2008 was the year that made folk ‘cool’ again, with Laura Marling, Bon Iver and Fleet Foxes finding prominence in all the end of year lists that matter. On into 2009 and Moriarty show up with a history lesson and a more rootsy, traditional look at folk.
Shunning glossy production for something suitably earthier and heartier, their album Gee Whizz But This Is A Lonesome Town is consistently lo-fi in its approach, and all the more charismatic for it.
It opens with Jimmy’s melancholy guitar line, a skeletal frame supporting an aching harmonica in a song that swells confidently to a wonderfully controlled melodic explosion. But after the promising opener, what follows is less enticing.
While Lovelinesse sounds like a really square Moldy Peaches, Private Lily’s vocal is ruinously annoying in both its delivery and its lyrical content, despite a musical backdrop that shimmers with intelligent guitar lines and driving percussion.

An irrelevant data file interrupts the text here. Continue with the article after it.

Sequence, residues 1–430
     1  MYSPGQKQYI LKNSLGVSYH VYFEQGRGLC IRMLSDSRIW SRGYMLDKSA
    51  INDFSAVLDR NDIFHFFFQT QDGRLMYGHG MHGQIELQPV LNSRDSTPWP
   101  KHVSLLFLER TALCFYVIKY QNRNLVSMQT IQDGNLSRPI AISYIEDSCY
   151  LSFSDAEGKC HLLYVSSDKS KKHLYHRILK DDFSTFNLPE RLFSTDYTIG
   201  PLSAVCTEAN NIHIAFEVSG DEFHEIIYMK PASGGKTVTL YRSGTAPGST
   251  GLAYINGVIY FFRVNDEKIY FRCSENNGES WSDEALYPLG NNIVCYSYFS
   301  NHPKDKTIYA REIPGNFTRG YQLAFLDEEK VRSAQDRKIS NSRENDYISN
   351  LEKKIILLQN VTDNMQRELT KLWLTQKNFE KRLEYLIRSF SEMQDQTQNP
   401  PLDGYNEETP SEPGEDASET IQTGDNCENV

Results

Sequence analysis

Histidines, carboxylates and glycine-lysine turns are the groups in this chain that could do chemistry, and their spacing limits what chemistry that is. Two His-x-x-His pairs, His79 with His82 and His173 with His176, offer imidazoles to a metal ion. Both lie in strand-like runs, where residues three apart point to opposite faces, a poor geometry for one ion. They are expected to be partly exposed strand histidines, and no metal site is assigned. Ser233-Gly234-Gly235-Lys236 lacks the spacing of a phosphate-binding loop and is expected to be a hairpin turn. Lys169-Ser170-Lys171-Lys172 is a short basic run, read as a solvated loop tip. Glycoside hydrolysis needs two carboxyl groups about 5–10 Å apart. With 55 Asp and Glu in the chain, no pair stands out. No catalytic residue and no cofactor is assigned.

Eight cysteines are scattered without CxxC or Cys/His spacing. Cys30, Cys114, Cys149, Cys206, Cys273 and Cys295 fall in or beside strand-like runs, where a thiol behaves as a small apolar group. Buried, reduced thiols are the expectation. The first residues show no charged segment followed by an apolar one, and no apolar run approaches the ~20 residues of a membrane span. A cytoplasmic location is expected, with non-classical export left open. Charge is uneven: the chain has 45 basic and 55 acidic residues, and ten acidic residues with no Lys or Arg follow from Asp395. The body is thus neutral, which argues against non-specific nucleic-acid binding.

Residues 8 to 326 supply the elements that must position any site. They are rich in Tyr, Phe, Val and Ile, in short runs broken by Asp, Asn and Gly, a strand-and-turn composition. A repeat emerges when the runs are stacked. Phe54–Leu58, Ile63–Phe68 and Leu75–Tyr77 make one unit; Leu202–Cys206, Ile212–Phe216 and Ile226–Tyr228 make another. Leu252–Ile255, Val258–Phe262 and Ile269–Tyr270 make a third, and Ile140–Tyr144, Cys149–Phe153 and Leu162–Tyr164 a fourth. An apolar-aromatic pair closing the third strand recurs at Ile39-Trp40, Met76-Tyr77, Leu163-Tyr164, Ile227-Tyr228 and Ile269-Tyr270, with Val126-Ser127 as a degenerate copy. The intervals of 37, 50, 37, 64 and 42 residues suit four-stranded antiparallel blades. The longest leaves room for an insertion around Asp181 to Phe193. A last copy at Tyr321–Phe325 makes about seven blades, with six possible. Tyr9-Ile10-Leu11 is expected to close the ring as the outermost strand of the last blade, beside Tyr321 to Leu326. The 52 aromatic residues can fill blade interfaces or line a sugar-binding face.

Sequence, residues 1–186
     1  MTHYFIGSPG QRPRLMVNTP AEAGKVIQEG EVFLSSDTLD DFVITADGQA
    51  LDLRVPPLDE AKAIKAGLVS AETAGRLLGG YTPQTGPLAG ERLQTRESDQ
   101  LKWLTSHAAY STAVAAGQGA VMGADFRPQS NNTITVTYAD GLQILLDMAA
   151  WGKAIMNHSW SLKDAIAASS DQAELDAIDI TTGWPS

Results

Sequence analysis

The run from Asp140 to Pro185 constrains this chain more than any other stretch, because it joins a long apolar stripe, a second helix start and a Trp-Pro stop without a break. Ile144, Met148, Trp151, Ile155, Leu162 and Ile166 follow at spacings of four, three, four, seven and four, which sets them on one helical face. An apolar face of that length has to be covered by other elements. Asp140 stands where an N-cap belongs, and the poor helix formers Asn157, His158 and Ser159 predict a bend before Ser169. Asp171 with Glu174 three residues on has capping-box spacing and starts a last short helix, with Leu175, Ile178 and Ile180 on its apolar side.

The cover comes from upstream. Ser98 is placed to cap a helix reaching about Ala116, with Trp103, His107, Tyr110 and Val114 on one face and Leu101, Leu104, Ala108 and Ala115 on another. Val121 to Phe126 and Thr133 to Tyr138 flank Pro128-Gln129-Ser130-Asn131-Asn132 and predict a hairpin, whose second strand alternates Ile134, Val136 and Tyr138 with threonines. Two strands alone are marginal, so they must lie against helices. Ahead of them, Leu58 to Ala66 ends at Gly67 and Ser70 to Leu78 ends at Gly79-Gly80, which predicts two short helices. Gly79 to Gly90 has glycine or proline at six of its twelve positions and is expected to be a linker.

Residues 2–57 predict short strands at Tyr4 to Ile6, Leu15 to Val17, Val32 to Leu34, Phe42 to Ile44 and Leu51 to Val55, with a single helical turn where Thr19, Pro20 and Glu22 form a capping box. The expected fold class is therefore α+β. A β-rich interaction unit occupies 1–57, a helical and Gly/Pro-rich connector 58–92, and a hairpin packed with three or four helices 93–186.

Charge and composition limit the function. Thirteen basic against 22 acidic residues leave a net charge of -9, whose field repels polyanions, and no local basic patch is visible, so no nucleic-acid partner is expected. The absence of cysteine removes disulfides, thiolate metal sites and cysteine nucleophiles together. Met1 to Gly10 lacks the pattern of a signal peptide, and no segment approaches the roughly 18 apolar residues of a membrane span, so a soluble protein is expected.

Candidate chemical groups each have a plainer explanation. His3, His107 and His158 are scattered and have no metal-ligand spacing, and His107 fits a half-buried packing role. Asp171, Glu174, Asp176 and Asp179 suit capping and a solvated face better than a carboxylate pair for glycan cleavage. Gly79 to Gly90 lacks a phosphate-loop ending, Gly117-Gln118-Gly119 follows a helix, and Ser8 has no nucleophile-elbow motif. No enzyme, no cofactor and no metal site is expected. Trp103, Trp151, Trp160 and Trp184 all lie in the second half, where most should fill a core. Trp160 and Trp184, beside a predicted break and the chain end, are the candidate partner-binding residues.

Indeed, in Rosemary Stanley, Moriarty have a singer whose harsh nasal delivery will at least polarise their listeners and, when at its deadliest, have them reaching for the volume control quicker then you can say “perforated ear drum”. Yet such threatening instances are irregular, and Stanley’s formidable delivery grows less frightening with each listen.
But with the exception of Jimmy and Animals Can’t Laugh, Gee Whizz shapes up as a fairly lacklustre affair until the halfway stage and Cottonflower, a song that is not only worth the wait, but whose sultry, perfectly sculpted melodic interaction boasts restorative properties that almost wholly atone for earlier mishaps.
Other highlights include the racing Whiteman’s Ballad, Animals Can’t Laugh and Fireday. And with the endearing production Gee Whizz is a tangibly humble record that, while it will find itself absent from the glitzy end of year musical reviews, is an enjoyable enough listen.